September is Climate Change Awareness Month, a proclamation adopted by the Nantucket Select Board in 2020. But what does that mean for the island and our community? As an island, most of us are “aware” of climate change already. Discussions of storm surge, sea level rise, and erosion will get you a response at any island gathering place. Where the most vulnerable areas are is no longer a conversation just for the experts. Everyone has been affected by flooded roads, loss of beach access due to erosion, or boat cancellations due to frequent winter storms.
Nantucket’s history is filled with stories of heroic lifesaving efforts made by ordinary citizens and those who went above and beyond the call of duty. Honoring that tradition, Egan Maritime Institute and Nantucket Cottage Hospital recognize the following modern-day lifesavers at an annual Lifesavers Recognition Day on Monday, September 11 […]
The Morning Bun is a ball of croissant dough, interspersed with layers of butter and crusted over with sugar and cinnamon. The lines at Wicked begin at six in the morning and, if you have been tardy with your alarm, you will find yourself sitting on the outside patio waiting for the next rack of buns to come out of the oven.
Artists Association of Nantucket (AAN) is delighted to announce the opening of the 10 x 10 Open Exhibition in the Cecelia Joyce & Seward Johnson Gallery, 19 Washington Street. Doors open at 10 am on Friday, September 15, with a public reception from 5-7 pm that evening in the gallery. […]
Eye on Style: The J. Butler Collection
It takes a sophisticated sense of style and a special connection to the people you work with to be successful in design across different states, in both city and country, and for both primary residences and vacation escapes. Since 1984, designer Jeffrey Butler Haines has become known for setting new standards by pushing the boundaries of traditional interior design. He’s built a very loyal client base, many of whom credit him with enhancing their lives with his comfortable and effortlessly elegant interiors.
How old am I? Man, I’m so old that I’ve attended about a dozen Jimmy Buffett concerts. Brother Jimmy has a particular appeal to those of us who spend a lot of time on islands. He gets us. A great example of Mr. Buffett’s understanding of island life is his song “Coconut Telegraph,” a song that accurately describes the speed at which news spreads around an island community. Yes indeed, island gossip is faster than, well, a false albacore. And there’s not much out there that’s faster than Mr. Albert.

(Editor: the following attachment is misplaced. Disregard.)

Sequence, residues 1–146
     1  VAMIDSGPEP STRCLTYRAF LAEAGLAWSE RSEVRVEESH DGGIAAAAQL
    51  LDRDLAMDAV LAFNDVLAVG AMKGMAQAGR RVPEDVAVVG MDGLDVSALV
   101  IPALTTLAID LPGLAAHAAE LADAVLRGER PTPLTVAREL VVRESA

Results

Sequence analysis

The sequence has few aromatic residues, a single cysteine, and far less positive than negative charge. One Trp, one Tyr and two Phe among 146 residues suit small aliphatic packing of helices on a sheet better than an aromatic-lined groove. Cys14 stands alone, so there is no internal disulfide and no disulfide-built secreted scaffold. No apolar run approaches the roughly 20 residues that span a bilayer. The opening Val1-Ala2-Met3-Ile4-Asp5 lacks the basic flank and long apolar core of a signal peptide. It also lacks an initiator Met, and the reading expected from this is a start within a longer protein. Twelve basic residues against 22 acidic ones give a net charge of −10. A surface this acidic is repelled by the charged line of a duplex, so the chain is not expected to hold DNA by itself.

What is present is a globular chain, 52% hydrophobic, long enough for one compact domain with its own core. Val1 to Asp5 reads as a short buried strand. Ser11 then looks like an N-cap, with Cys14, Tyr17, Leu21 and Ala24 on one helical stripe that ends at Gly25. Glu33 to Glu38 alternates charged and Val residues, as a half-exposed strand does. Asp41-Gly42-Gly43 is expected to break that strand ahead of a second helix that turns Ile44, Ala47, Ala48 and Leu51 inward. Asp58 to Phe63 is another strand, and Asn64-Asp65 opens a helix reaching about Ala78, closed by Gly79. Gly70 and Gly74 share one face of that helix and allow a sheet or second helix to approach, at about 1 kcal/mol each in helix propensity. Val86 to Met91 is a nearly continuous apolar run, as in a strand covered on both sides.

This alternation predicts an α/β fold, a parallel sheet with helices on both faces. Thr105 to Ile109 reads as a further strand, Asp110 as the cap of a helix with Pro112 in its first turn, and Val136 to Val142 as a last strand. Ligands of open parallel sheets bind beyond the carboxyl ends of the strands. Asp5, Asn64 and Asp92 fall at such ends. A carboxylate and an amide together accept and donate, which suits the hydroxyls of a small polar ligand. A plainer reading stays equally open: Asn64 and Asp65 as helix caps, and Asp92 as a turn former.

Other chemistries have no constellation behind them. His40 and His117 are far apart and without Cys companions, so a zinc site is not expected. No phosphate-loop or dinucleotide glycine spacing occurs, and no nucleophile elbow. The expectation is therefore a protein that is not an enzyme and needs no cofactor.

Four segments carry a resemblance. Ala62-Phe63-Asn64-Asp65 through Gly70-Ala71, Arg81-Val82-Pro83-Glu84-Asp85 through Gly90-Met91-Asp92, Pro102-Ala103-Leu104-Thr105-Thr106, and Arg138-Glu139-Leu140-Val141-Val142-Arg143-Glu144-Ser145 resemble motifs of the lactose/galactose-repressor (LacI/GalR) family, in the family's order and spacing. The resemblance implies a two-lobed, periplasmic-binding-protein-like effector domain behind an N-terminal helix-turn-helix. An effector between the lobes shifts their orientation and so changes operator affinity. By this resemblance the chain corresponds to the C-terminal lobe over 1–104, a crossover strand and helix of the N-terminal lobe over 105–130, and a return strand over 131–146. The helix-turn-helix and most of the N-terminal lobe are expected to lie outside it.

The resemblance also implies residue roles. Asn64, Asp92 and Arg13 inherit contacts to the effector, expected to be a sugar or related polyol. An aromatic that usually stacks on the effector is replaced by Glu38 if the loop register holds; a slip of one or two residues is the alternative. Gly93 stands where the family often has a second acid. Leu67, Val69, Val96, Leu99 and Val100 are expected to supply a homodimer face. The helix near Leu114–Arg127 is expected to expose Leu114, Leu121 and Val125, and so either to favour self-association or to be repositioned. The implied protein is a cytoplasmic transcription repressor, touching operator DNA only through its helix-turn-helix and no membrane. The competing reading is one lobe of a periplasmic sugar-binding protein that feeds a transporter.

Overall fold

Back in 2005, when I was a field assistant with the Nantucket Conservation Foundation, I spent many days in the heathlands on my hands and knees recording vegetation—an integral part of our research. One early fall day, as I placed my hand on the ground, a severe pain generating from the palm of my hand pulsed up through my arm. Looking back at the spot where my hand had been I expected to see a shard of glass or a giant rose thorn. None of the above. I had just squished a puss moth caterpillar with my palm.
The easiest thing to give up is hope. The engines that power Nantucket are far off and implacable. They don’t respond to picketing, petitions, or letters to the editor. Those engines no longer get their feet wet on-island. We sold them off to live on a winning lottery ticket and a one-way boat ride. We converted our homes into asset instruments.
The announcement came in last week: Bartlett’s Farm is harvesting their corn crop! Every day hundreds of freshly picked ears are offered for sale at the farm and from Bartlett’s farm trucks on Main Street and in Sconset. When it’s this fresh, corn is delicious simply steamed or even raw, […]